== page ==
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TSA News > Media Release: Final Call to action for industry to fix the problem

Media Release: Final Call to action for industry to fix the problem

27 November 2023

Final call to action for industry to fix the problem: Minister’s priority list makes it clear that tyres, conveyor belts and tracks, are a priority waste stream that can no longer be ignored

Australia’s Environment Ministers have doubled down on what they expect from industry to fix the national tyre waste stream problem, as part of critical next steps to transition the nation to a circular economy.

At their November 2023 meeting in Adelaide, they agreed to:

  • retain the priority listing for passenger, bus and truck (automotive) tyres;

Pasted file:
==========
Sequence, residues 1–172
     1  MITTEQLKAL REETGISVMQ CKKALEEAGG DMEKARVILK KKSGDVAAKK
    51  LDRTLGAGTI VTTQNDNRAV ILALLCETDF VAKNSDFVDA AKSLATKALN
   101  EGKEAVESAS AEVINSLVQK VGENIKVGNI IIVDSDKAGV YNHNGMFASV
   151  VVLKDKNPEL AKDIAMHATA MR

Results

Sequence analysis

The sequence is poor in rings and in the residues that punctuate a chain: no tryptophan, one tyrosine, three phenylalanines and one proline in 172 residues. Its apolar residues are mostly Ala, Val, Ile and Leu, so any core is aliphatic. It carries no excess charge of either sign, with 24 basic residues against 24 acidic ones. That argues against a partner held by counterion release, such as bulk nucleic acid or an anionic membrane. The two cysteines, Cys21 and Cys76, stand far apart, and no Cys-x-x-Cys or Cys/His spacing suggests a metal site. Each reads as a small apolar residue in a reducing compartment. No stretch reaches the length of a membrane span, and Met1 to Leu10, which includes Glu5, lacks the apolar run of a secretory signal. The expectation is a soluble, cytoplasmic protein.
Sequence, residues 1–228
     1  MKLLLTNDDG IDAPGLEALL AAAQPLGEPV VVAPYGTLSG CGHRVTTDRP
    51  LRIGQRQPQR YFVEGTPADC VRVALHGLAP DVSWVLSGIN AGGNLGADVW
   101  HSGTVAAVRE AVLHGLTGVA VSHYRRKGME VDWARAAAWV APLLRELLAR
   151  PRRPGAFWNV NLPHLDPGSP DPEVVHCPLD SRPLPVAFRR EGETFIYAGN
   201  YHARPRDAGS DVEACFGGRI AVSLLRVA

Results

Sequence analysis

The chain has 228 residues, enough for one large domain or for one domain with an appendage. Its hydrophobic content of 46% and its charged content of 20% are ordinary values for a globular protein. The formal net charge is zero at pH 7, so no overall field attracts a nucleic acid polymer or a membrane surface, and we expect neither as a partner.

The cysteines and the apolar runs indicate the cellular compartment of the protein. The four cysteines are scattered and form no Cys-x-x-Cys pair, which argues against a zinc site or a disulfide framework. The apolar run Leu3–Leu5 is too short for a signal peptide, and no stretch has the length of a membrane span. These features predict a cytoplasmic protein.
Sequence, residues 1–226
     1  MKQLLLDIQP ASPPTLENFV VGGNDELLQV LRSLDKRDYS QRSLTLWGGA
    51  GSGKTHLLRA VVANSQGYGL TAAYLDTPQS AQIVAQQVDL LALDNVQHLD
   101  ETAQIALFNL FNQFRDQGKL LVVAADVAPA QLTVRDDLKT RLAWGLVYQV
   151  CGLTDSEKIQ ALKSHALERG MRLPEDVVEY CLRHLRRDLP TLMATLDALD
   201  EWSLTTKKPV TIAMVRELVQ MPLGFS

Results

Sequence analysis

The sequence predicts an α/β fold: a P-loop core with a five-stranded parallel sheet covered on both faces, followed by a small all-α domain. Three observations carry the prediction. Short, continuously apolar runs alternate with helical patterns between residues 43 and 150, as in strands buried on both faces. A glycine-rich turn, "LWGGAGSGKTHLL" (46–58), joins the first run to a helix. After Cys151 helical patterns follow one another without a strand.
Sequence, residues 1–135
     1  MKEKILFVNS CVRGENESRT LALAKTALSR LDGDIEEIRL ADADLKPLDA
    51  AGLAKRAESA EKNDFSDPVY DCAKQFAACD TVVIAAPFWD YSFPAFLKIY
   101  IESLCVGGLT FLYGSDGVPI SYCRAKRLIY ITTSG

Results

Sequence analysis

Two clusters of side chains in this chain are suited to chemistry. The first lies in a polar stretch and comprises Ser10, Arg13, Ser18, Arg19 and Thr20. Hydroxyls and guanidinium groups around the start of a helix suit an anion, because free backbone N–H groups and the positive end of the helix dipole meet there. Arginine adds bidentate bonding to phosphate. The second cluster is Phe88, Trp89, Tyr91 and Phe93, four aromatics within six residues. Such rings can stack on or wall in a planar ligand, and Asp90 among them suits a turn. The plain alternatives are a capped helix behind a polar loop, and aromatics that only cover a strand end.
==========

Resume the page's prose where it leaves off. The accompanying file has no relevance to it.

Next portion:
• expand the listing to include Off-The-Road (OTR) tyres and related products such as conveyor belts and rubber tracks; and
  • pursue a framework that will accelerate product stewardship by better coordinating work across governments, with Western Australia leading on tyres.

Tyre and related rubber product manufacturers, importers, distributors, and retailers have been given a clear deadline of November 2024 to undertake improved and measurable product stewardship action.

In particular, tyre importers not currently contributing to Australia’s Tyre Product Stewardship Scheme (the voluntary Scheme) have been put on notice that, if they want to avoid government regulation, they should commence formal participation.